There have been quite a few studies throughout the years as well as plenty of anecdotal stories about psychedelics being used as doorway to a spiritual experience that can help alcoholics stop drinking. Bill Wilson himself experimented with LSD! Of course, sometimes those things that sound too good to be true are.
Drawing a conclusion about any of this, however, isn’t so simple and the recent death of 33-year-old Brodie Smith sheds new light on the controversial treatment. Smith, who was undergoing Ibogaine treatment to free him from a methamphetamine addiction, had shelled out $5,300 for a four-day regimen on the Thai island of Koh Phangan. He died on the first day after having first written his mother that Ibogaine (a naturally occurring psychoactive compound which comes from a West African shrub which is used in religious “rebirthing” ceremonies) had a “92 percent” success rate.
The Smith Story
The details surrounding Smith’s death are pretty sketchy. There are conflicting reports as to whether his death was a result of ingesting the Ibogaine (what his girlfriend attests) or from a narcotic-induced heart attack (as his death certificate states).
Smith was not the first person linked to the controversial treatment; a 45 year-old woman died while undergoing Ibogaine treatment for morphine addiction in New Zealand in July of 2013, although the coroner’s report had not been issued as of November of this year.
How Ibogaine Works
Ibogaine is a hallucinogen that has been studied as a treatment for opiate, methamphetamine and other drug addictions for decades. Taken in pill form, it puts users in a “dream-like state” (that lasts for up to a full day) and produces visions that both allow them to gain insight into their addiction and to overcome fears. It also helps with withdrawal symptoms and is said to reduce cravings for up to six months, according to its proponents. Also, let’s be real: it certainly sounds like a lot more fun than kicking dope on a couch or in a hospital detox.
Because of severe side effects—including hallucinations, seizures, fatal heart arrhythmia and brain damage in patients with “other” health problems—Ibogaine has been illegal in the US since the 1960s, and has been classified as a Schedule I substance. As a result, there haven’t been a lot of clinical studies until lately, and those have been peer-reviewed and performed on relatively small populations. Still, the early reports are fairly positive.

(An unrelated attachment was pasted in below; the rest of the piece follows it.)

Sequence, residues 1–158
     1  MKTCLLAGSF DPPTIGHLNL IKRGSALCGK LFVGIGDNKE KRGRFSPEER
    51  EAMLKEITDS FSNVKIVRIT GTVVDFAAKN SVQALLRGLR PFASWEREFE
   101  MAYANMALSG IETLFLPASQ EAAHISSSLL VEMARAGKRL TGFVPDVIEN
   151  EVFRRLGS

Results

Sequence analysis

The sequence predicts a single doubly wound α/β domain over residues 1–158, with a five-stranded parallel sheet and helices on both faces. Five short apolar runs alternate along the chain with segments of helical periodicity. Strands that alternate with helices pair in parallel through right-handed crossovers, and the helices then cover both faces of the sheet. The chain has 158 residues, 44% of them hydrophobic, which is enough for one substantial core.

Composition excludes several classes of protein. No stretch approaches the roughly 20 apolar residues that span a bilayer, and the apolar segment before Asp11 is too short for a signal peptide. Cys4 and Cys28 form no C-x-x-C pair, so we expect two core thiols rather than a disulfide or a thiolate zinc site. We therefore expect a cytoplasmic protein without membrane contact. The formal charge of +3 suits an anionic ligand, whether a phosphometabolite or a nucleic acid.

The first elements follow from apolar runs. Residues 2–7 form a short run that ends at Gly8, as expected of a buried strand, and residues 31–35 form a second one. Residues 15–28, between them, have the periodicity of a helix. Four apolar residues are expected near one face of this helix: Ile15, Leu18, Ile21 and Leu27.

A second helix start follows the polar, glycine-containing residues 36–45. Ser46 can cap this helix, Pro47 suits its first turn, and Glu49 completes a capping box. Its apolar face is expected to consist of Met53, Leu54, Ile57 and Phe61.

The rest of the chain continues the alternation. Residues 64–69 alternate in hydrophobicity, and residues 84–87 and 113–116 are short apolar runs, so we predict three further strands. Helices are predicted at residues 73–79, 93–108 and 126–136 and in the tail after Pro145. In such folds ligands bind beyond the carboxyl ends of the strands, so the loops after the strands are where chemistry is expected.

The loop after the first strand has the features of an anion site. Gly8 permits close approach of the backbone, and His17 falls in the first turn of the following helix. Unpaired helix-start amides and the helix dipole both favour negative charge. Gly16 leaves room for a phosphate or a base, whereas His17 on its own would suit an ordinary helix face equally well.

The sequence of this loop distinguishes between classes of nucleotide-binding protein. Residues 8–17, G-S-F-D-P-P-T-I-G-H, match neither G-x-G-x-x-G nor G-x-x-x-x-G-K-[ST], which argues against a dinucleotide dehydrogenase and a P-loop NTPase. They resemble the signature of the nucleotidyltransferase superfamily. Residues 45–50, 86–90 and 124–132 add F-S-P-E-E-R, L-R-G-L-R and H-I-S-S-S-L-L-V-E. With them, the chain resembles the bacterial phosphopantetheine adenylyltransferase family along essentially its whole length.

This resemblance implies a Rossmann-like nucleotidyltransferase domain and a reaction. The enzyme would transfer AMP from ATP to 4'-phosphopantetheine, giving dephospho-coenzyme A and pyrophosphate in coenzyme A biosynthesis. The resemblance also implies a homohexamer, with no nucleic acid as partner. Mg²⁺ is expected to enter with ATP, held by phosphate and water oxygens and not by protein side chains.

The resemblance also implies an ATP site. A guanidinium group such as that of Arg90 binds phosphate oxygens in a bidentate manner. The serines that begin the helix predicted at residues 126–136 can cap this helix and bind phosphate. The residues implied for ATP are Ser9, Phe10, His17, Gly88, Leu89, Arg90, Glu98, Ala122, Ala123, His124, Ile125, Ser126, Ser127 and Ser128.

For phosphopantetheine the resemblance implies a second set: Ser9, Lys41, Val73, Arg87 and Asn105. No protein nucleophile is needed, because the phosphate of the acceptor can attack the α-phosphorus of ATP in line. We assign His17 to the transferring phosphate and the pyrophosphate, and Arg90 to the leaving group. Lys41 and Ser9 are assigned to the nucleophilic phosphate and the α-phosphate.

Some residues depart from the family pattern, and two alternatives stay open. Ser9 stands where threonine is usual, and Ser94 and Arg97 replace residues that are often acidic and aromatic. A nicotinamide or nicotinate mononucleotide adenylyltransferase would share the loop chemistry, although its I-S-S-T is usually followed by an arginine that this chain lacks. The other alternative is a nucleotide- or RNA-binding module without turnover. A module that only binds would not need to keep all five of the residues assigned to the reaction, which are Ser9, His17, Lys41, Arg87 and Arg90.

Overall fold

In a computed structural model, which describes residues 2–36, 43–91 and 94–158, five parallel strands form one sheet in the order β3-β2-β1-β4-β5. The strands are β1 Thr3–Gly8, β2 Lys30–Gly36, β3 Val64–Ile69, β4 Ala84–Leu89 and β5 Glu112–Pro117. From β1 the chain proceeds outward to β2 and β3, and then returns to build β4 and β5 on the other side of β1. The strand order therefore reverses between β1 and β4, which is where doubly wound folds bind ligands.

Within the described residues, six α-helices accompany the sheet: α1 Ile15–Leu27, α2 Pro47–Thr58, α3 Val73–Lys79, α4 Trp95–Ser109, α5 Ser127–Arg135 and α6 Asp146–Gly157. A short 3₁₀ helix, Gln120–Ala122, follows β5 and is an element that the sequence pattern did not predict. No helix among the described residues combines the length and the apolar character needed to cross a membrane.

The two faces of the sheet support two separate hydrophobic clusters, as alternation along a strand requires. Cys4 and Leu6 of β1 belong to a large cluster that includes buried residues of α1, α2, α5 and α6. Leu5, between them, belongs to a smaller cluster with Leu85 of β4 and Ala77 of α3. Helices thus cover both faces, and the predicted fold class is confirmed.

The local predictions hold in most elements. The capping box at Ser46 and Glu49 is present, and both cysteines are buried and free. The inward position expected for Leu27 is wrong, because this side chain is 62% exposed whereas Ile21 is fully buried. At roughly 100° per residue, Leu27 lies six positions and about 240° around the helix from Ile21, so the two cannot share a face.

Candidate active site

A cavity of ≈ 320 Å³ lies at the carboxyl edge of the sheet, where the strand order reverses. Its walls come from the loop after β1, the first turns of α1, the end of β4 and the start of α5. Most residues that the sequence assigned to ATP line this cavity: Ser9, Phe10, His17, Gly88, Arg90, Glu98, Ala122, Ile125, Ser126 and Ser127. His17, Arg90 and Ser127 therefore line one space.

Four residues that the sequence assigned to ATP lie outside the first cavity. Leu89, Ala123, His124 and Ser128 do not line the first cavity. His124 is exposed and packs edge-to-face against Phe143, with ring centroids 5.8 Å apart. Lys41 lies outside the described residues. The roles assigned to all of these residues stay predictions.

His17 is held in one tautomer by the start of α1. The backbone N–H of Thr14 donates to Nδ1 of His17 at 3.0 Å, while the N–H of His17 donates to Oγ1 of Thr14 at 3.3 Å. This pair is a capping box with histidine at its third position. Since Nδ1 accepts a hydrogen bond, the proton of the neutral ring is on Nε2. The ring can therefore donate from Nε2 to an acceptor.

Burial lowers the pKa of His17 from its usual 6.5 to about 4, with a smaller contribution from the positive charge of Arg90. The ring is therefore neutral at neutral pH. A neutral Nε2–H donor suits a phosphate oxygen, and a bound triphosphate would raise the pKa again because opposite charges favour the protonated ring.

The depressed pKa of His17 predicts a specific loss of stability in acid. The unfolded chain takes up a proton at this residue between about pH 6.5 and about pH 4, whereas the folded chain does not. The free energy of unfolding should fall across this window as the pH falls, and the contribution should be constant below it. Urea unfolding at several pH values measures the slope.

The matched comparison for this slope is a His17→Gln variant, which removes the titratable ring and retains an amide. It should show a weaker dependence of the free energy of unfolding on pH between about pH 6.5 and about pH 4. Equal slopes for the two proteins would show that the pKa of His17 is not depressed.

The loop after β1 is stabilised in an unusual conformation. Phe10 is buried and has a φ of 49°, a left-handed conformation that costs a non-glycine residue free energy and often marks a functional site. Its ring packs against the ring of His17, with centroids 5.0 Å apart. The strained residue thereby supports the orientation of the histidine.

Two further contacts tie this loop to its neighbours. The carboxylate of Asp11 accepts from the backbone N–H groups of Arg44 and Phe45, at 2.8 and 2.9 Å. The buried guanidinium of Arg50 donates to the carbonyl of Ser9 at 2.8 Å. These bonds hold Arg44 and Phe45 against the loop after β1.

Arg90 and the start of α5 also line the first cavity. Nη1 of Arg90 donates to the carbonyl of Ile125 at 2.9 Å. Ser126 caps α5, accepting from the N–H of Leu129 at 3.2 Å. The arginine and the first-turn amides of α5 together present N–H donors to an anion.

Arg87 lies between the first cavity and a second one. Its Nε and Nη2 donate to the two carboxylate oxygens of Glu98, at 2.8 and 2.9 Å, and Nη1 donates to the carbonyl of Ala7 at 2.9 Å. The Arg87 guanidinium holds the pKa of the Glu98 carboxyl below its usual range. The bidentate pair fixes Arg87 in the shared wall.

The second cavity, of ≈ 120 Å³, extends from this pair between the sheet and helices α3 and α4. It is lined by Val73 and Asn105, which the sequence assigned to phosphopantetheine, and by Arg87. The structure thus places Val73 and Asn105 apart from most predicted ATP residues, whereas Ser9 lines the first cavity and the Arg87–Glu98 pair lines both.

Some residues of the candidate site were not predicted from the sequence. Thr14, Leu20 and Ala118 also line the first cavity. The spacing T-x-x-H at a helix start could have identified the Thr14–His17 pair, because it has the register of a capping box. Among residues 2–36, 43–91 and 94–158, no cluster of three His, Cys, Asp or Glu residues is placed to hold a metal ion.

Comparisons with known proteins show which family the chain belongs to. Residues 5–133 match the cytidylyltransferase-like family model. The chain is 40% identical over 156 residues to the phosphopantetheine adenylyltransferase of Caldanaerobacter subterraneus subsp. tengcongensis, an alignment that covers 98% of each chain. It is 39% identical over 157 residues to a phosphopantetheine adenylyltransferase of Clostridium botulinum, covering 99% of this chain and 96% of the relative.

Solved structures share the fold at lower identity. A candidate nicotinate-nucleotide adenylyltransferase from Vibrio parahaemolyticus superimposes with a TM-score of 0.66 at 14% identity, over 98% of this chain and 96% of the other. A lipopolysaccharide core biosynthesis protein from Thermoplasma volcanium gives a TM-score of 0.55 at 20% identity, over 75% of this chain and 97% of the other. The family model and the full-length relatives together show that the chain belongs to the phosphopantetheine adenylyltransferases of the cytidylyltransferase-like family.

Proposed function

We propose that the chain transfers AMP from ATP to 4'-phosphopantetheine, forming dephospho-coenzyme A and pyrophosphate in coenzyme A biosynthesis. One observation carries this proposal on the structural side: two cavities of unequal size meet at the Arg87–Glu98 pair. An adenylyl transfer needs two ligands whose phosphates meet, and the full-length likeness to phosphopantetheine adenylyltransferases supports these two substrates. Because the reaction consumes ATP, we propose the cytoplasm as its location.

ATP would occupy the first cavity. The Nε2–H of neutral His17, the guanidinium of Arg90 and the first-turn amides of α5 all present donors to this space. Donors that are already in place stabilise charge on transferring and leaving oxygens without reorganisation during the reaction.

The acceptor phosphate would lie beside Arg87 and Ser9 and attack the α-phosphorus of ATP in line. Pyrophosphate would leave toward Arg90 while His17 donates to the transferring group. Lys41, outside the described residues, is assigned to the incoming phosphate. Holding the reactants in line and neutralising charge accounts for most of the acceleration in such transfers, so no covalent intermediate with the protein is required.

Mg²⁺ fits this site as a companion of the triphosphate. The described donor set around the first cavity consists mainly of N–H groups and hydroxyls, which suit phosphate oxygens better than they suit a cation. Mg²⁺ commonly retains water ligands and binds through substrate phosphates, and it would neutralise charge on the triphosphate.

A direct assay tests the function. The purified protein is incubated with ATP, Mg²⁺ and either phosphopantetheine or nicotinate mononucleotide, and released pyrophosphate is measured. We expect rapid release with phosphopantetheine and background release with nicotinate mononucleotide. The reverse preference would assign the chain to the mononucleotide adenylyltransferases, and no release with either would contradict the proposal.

The Multidisciplinary Association for Psychedelic Studies (MAPS), a US non-profit research organization that sounds like a spoof from a 60’s movie, has conducted trials in Mexico and is currently doing another set of them in New Zealand. If the results are to be believed, the drug has the potential to be valuable tool for helping addicts recover.
In the first study, they took 30 opiate addicts and gave them a single treatment; without any aftercare program, four of the subjects were clean after a year while a third of the subjects relapsed within the first month and 60 percent relapsed by the second month. Still, a half dozen subjects (20 percent) made it six months without a relapse and five of those six didn’t utilize any aftercare program. Eleven of the 14 subjects involved in the New Zealand studies have completed the treatment and of those, five have remained opioid free a full year after treatment. Overall, half the participants in the study were expected to remain opioid free at 12 months, according to researchers.
The Drawbacks to the Study, and Oh Yeah, the Deaths
Something to take into consideration, however, is that the relapses are self-reported, which is to say that the addicts are the ones presenting the evidence of their clean time. And as anyone who spends any time around opiate addicts will tell you, truth telling is not their strong suit.
The other problem is that people die from the treatment in much higher proportion than other treatments. According to the MAPS website, “Ibogaine use has a mortality rate of about 1 in 300. Deaths from ibogaine have been attributed to bradycardia (slowing of the heart), lethal combinations with other substances, liver problems and other conditions.” So maybe that stay in the cushy rehab center for your dope problem isn’t such a bad idea after all?
In the End
As I said, it’s difficult to come to any conclusions here. The people at MAPS recognize that Ibogaine is “not a cure, not a ‘magic bullet’ and refer to the treatment as an “addiction interrupter.”
I say that if they can augment the initial bang the treatment gives you with some aftercare program, the addicts can get the best of both worlds and have higher chances of staying clean. If you’re someone who believes (as I do) that some sort of psychic change is helpful in changing addictive behaviors in hard case addiction, why not take a look at every possible angle?
Also, as Smith’s family can surely attest, proceed with Ibogaine at your own risk.
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